Anarchy in the BJ.

China Calling: Punk, Pollution & Pasta

It’s been a week in China and it feels like something I’ve known for a lot longer than this. There’s a certain freedom and pleasure that comes with knowing your way around, whether it’s giving taxi drivers directions or walking to the subway station. And I walk to the subway station a lot.

It’s almost expected of you to speak Mandarin though, and if I’d only listened to the Singapore government when they declared, Hua Yu COOL! (Speaking Mandarin, Cool!) things would be much easier. But, we learn. No Hokkien here either, so the little I know isn’t of any use. #BoPian


The stark differences between this city and everything I know are everywhere. I didn’t think I’d ever be this excited about grocery shopping, but there I was, in a very expaty and overpriced supermarket, internally shrieking in the pasta aisle. It gets better: olive oil. And next thing you know, you’re that expat shopping at April’s Gourmet, the Beijing equivalent of Singapore’s Marketplace, instead of Giant or Sheng Siong.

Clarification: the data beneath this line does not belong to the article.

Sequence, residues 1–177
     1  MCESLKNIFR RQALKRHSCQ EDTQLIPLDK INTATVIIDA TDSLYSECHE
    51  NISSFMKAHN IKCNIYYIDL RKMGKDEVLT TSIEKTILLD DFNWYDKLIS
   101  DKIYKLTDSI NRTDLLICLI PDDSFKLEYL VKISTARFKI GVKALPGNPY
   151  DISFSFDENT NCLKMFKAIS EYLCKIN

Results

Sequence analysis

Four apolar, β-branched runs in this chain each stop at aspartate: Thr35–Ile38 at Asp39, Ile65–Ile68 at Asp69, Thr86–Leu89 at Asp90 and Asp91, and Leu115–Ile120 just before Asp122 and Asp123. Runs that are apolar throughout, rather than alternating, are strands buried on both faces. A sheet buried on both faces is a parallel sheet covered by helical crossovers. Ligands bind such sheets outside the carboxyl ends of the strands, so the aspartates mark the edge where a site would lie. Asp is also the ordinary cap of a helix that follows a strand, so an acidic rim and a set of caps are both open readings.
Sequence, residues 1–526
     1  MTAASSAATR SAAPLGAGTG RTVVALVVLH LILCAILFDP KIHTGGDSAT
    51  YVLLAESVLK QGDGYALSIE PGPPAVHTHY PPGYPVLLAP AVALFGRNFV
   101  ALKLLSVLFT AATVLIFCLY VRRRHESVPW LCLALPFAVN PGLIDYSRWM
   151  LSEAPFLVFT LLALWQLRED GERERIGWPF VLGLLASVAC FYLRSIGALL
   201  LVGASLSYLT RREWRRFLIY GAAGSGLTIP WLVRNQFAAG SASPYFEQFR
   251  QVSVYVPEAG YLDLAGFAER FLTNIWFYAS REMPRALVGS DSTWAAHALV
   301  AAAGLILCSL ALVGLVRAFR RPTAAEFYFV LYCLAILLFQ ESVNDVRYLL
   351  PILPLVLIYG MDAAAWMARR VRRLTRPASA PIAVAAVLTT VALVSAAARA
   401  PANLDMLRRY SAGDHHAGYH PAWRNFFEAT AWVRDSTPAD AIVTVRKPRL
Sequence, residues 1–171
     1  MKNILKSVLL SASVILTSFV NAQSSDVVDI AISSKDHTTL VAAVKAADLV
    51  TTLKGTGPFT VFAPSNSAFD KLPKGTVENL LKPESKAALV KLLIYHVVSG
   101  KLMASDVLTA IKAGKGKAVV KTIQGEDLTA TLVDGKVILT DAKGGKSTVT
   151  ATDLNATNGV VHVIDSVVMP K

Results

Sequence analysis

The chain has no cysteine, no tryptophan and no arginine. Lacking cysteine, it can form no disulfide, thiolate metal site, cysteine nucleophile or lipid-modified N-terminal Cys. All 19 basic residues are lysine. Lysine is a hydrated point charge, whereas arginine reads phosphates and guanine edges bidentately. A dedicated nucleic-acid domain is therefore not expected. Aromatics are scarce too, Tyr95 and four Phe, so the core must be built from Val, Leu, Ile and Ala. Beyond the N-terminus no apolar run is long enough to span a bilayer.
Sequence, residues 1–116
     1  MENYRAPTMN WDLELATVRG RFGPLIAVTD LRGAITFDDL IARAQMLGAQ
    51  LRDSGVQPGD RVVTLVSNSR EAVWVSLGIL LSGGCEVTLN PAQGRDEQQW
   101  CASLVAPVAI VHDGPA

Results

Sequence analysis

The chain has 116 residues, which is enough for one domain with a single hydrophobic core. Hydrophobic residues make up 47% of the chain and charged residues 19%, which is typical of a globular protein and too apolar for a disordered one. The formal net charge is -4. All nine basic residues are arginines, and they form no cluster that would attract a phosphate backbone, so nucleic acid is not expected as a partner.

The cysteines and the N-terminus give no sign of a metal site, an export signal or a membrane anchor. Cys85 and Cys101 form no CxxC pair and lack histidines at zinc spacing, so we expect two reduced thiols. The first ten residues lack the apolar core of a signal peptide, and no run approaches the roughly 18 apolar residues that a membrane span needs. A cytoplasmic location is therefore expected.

ALL the pasta

Sometimes when you go to a public toilet, there are no doors. Sometimes when you think something is 20 minutes away, it’s really an hour. And sometimes when you order vegetarian, it comes with pork.

No one’s looking because no one cares


As much as these things can be frustrating and upsetting and just really annoying, there’s something to be said for a city that doesn’t bend itself backwards for foreigners. Beijing constantly reminds you, you’re welcome to stay, but this is how we do it here. I think that’s what I both love and hate about China so far, infantile as my experience thus far might be.

Something that feels familiar is the very cool punk scene here. It’s as exclusive as it is inclusive, which is perhaps the way it is everywhere else. This documentary talks about how youth in Beijing quite suddenly had access to all sorts of music at once, which has created its familiar but original mess of sound that I’m starting to love.